In Spider-Man's origin, Peter Parker -- after having received his superpowers -- purposely ignores a thief fleeing the scene of a crime. Later, that same thief shoots and kills Peter's father figure, Uncle Ben. Amid his guilt of inadvertently causing his uncle's death, Peter learns the hard way that there is a responsibility that comes with not only having powers but also with being a good person.

"At school, even in kindergarten, [adults] teach [children] to behave in the world. [Adults] teach [children] not to fight with others, to work things out, to respect others, to clean up our mess, not to hurt other creatures, to share and not be greedy. Then why do you go out and do the things you tell us not to do? You are deciding what kind of world we will grow up in. Parents should be able to comfort their children by saying 'everything's going to be alright,' 'we're doing the best we can,' and 'it's not the end of the world.' But I don't think you can say that to us anymore. Are we even on your list of priorities? My father always says, 'You are what you do, not what you say.'" This quote was taken from then-12-year-old Severn Cullis-Suzuki when she spoke to the United Nations Earth Summit in 1992. Superheroes in comics teach and provide those same lessons. But in an age when wars are waged for the wrong reason and/or under false pretenses, people are insulted and/or harassed for their beliefs, personal freedoms are taken away with the signing of an act, and the less fortunate and less wealthy are treated with suspicion, disrespect and inhumanity, one has to wonder where all of the morals, kindness, respect, tolerance and compassion that is pounded into our heads as children by not only those around us (parents, relatives, friends, teachers, etc.) but also the heroes of literature, television, movies, and music, are today. Someone was so gracious and compassionate to the less fortunate that he once said, "Go, sell everything you have and give to the poor, and you will have treasure in heaven. ... It is easier for a camel to go through the eye of a needle than for a rich man to enter the kingdom of God." That was Jesus (Mark 10:21-25). And not only did he preach -- and live -- that way, but he also healed the sick, hung out with sinners and miscreants, and invited the poor to dine with him.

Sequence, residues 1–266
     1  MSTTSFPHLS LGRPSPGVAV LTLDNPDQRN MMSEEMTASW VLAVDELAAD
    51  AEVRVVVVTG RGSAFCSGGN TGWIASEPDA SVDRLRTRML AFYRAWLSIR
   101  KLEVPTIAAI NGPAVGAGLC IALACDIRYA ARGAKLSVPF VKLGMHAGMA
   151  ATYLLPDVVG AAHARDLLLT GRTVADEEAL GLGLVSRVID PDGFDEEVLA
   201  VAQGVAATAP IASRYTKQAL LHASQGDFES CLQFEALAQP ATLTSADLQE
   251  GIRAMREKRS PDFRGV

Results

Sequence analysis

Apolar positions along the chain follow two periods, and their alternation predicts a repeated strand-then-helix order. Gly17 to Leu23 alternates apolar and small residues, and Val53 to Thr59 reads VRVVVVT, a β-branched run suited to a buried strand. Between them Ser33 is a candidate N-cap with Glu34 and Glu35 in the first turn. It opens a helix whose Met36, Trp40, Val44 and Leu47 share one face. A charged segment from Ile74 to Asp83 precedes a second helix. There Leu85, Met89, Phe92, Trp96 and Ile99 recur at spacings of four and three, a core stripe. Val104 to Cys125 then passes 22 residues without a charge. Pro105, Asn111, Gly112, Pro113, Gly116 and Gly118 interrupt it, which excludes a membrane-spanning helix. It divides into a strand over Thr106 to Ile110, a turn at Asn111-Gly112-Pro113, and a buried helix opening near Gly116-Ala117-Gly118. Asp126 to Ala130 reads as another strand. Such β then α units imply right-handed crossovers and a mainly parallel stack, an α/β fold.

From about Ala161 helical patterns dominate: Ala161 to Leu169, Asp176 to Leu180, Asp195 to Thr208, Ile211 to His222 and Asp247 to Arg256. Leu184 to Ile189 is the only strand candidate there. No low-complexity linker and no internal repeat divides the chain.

We are raised to have compassion, understanding, patience, kindness, respect, courage, and critical thinking when we are young; and, yet, when we grow up, and if we still cling to these concepts, we are blasted by those who are in opposition when we show these traits, with words such as "naive," "misinformed," "communist," "socialist," "confused," "wrong," "pinhead," "hippie," "fanatic," "freeloader," "idiot," "lazy," "stupid," and "unpatriotic" -- just to name a few. Unfortunately, these vocal name-calling opponents are the ones who are abundantly heard, thanks to "news" and social media graciously being a platform for such talking heads. When it comes to these such people, luckily, comics also can also teach us how to deal with them too. In the first panel below, Superman's enemy, Lex Luthor, may speak with an extreme hatred but his thinking is not far from those who spout hatred and separation on TV, radio, social media and in books. Here is a sample of Lex Luthor's hatred for Superman, with whom Lex hates because Superman is an alien:

Lex Luthor (who, in the DC Comic universe, even becomes President of the United States) may be a bit extreme of a metaphor, but it nonetheless is appropriate for the obsession with certain groups and types of people in this world -- on any issue from any side of the spectrum -- who think the world should think and live the way they do. But, those people, like Luthor, miss the point. Others may say that these talking heads are simply "putting on an act." But if they are feeding into that act and putting out negativity for profit, then they are no better and no different than the people who really feel those negative feelings and think those thoughts. In the end, comics and its denizens teach us an important lesson in trying to change people through intimidation, name-calling and bullying. Here is one such example as evidenced in the 2013 Superman film Man of Steel:

It's not just Superman we can learn from. In the pages of Spider-Man comes the famous quote: "With great power comes great responsibility." In Gotham City, as easy as it would be for Batman/Bruce Wayne to kill the Joker so he could save a countless amount of lives in a future that didn't have Joker, Batman refuses to do so because it goes against his morality of not killing people. In the 1987 graphic novel Watchmen -- written by the recluse comic book genius Alan Moore and the only graphic novel/comic to be featured on Time magazine's "All-Time 100 Greatest Novels" list -- the central characters are all former superheroes who are either retired or working for the U.S. government. Each of their lives are by no means perfect and each has their own personal struggle to overcome against the backdrop of one of their own -- now a government mercenary -- being murdered and trying to solve why he was murdered and who is responsible.